Price promotions typically take one of three forms
Price promotions encourage purchases of unhealthy food and drink
The UK and Scottish Governments are planning to restrict price promotions of unhealthy food and drink
Price promotions are now a common feature of grocery shopping and generate a large proportion of household spending on food and drink.1 They have the potential to undermine the effectiveness of other pricing strategies to improve population health, including taxes on sugar-sweetened beverages.2 Public Health England has defined price promotions as special offers giving a discount on the usual selling price, which are typically restricted to a specific range, product or pack format. These typically take one of three forms:
- A temporary price reduction on a particular product before the price returns to normal
- A ‘multi-buy’, in which shoppers can purchase more items for a discount (for example, ‘buy three for $2’ or ‘buy one get one free’)
- Offering extra free, in which the manufacturer creates a larger pack size and states that a proportion of the product is free (for example a pack label stating, ‘50% extra free’).1
Unhealthy food price promotions
About 40% of products sold in Australian supermarkets are on a price promotion, according to industry data, making Australia “one of the most highly [price] promoted countries in the world”.3 A study of price promotions in a major Australian supermarket chain found that discretionary (junk) foods were discounted twice as often on average as core (healthy) foods.4 Using weekly online price data gathered between April 2017 and April 2018, researchers found that 15% of core foods and 29% of discretionary foods were price promoted in any given week. Discounts were largest for discretionary foods (-26%) compared to core foods (-15%), which may be due to higher mark-ups and profit margins on unhealthy foods.2
A systematic review of studies conducted in high-income countries confirmed that price promotions were more common for unhealthy food and beverages, compared to healthier options.2 It found that price promotions were effective at increasing consumer purchases and there was evidence that the effect was greater for unhealthy compared to healthy products.
A major review of household purchases by 30,000 British shoppers analysed the impact of price promotions on the purchase of high-sugar food and drinks between 2013 and 2015.1 Mirroring the findings of other studies, the review found that high-sugar food and drink items were more likely to be promoted, and more heavily promoted, than other food and drink items. All shoppers took advantage of price promotions, not just low-income shoppers, and promotions led people to buy more within a product category rather than simply buying the same amount at a cheaper price. In a separate study of post-purchase consumption behaviour, stockpiling a product as a result of a promotion (rather than anticipated future need) was found to significantly increase average daily consumption of food and drink.5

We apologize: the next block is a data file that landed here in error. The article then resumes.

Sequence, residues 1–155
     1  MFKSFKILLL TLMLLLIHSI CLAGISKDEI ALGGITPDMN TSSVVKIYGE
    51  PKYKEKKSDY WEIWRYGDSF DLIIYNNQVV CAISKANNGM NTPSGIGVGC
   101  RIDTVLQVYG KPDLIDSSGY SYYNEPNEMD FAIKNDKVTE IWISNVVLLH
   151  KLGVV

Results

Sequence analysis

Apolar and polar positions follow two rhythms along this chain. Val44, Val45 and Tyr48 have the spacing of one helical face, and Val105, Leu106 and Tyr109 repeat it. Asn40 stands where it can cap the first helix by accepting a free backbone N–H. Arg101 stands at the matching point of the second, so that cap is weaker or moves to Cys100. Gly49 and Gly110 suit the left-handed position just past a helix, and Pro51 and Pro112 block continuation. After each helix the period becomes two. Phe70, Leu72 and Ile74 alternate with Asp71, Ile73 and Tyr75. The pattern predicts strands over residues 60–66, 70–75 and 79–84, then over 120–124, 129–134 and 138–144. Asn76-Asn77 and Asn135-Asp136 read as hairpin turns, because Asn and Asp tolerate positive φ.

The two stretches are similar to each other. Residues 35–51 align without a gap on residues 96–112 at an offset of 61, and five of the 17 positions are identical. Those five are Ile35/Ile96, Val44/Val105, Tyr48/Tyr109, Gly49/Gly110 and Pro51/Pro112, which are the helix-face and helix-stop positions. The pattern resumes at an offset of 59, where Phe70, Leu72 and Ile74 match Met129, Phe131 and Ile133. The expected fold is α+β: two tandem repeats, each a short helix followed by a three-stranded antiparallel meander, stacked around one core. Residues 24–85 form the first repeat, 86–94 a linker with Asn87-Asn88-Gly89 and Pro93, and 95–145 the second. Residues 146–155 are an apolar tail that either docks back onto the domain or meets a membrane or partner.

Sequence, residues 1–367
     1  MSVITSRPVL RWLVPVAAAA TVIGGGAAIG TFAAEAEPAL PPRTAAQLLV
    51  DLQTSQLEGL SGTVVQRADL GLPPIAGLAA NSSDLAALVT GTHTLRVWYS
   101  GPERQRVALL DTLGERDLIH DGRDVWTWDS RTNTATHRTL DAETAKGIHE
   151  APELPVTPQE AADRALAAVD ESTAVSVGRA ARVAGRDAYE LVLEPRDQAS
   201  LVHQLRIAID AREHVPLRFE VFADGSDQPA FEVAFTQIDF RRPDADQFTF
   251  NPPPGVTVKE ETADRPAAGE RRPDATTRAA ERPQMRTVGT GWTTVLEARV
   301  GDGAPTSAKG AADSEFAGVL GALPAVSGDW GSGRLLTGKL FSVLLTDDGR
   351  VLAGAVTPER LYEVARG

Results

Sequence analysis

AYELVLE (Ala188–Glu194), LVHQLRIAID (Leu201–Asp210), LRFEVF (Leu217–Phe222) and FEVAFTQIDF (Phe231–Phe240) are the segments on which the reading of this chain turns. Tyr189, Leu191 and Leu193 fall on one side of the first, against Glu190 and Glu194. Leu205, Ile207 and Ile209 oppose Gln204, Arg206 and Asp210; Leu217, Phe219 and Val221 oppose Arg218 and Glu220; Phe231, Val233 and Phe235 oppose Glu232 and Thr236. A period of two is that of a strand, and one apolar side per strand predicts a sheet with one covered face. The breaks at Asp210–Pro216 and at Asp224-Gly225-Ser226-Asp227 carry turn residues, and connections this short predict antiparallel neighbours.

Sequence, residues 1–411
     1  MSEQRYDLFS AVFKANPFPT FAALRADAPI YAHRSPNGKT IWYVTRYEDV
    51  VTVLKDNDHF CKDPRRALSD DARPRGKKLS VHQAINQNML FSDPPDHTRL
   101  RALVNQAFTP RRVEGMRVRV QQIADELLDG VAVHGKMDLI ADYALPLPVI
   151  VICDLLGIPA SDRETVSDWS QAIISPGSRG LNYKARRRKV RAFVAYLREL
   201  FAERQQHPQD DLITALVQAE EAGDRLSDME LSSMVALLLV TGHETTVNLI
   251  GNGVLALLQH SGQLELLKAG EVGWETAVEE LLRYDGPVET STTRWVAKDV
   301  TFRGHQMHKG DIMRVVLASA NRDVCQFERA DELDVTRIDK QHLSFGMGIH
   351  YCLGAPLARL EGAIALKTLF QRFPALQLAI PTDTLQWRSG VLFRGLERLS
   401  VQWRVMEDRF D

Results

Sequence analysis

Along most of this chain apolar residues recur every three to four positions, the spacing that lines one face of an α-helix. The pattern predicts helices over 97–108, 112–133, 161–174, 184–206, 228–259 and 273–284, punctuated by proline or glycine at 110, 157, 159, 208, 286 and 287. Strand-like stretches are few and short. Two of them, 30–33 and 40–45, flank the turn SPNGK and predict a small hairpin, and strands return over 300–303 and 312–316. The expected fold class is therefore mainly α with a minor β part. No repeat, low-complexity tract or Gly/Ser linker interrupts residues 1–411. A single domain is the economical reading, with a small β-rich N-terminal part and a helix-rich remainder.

Researchers have discussed the ways that point-of-sale marketing, including price promotions and product placement, is used to capitalise on people’s vulnerabilities and encourage purchases of unhealthy food and drink.6 This can be done by overwhelming the brain’s cognitive system, which operates slowly to solve complex problems that require deliberate choice and concentration. The cognitive system has limited capacity and when it is fatigued, non-conscious processes take over. This non-conscious system operates automatically and quickly and favours short-term benefits and superficial characteristics such as product appearance, price, positioning and convenience.6
Proposed bans of unhealthy food price promotions
In its childhood obesity plan released in June 2018, the UK Government committed to a legislative ban on price promotions such as multi-buys and unlimited refills of unhealthy food and drinks, which served to “encourage bulk buying and over-consumption of unhealthy products”.7 It also committed to ban the promotion of unhealthy food and drink at prominent locations in stores such as checkouts, end of aisles and store entrances. At the time of writing, the UK Government was consulting stakeholders on the best way to implement these policies.7
The Scottish Government also has a plan to restrict multi-buys and unlimited refills of unhealthy food and drinks, as detailed in its October 2018 consultation paper on Reducing Health Harms of Foods High in Fat, Sugar or Salts. Like the UK Government, the Scottish Government also proposes a ban on promotion of unhealthy food and drink through placement at prominent locations in stores.8 Any future UK legislation would likely apply to Scotland, although Scotland could have protections that do not apply to the rest of the UK if its legislation is enacted first.